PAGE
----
The rest of the letter re.the schools case is standard, everyone appealing will have the same letter - it's not referring to his needs specifically, it's just the general "we are full and this is why we don't want to take any more" content. So i don't think from this that there is any indication that the admissions authority made a mistake. You didn't get in because you live too far away (and I think CAHMS have probably made an error in how they have represented it).
So you need to make sure all the evidence presented shows how it is this school that meets his needs specifically, in the opinion of the medical professionals involved, not just - for example - a small school, one close to home, one near his sisters, etc. It has to relate to this school.
Realistically, did you have a chance of getting into this school on distance? Or any of the others on your application?
The application wouldn't allow us to put his medical criteria. It stated you needed an EHCP or statement to apply under this. As we didn't have the autistic diagnosis at the time we could only explain the situation in the additional information box. I did contact the LA when we got it but they said it would make no difference without an EHCP. Because of the misdiagnosis and delays my son is the one that loses out. Seems unfair.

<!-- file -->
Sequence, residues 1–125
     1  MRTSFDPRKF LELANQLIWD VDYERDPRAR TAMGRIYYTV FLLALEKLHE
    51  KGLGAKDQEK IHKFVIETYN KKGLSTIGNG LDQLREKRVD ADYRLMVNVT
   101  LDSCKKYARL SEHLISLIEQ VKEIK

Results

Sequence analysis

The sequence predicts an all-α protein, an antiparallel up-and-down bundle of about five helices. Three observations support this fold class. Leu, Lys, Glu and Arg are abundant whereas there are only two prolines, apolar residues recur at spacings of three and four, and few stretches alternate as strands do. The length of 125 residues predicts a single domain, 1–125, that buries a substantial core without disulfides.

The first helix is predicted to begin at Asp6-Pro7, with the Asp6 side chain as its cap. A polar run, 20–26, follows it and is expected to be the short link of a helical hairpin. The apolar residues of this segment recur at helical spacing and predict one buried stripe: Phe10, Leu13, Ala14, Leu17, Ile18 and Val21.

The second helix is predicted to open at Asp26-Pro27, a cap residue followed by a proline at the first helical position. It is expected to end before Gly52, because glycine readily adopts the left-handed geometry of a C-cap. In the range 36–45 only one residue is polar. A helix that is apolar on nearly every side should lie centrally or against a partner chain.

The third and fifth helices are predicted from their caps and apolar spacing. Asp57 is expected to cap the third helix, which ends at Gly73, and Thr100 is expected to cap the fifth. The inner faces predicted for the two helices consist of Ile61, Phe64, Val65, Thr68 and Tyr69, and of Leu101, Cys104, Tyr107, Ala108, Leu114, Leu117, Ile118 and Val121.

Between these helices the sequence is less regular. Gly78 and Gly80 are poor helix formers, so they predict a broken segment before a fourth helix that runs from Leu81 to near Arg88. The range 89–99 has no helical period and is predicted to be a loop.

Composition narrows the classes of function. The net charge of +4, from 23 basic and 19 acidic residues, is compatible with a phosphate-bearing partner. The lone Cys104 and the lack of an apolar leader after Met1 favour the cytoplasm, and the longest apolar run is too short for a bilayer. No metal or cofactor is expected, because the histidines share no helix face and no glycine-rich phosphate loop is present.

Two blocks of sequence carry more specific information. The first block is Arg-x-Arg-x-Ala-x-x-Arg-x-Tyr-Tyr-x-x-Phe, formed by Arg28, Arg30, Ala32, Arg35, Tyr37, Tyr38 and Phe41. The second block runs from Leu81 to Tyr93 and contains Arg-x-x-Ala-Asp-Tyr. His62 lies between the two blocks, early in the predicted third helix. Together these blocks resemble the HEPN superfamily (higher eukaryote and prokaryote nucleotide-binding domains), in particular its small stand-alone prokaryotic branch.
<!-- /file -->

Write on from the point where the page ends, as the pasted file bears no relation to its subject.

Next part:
Also as my sister who lives in the same borough as me and only 500 yards away from me goes to this school so I know they take children from my area.
The school is good for him because it will meet his needs emotionally.. as in have friends and people he knows. Going to a school where you know no one and are already socially impaired and struggle to make friendships will have fired consequences.
I question why the school will only accept potential pupils under medical with an EHC plan. If you had an EHC plan then you could name the school on the plan and in effect the school would have to admit you. The whole point of a medical category is that it is for those that do not have an EHC Plan but can show high levels of medical need.
The school are being slightly naughty in something they say. It is correct of them to state how far away you live but what they should then have been saying is that they gave 150 places and they were all within the distance to your home from the school, that is you live too far away. Quoting that there are 8 other schools nearer to your home is not relevant and could be said to be prejudicing your case for admission to the school.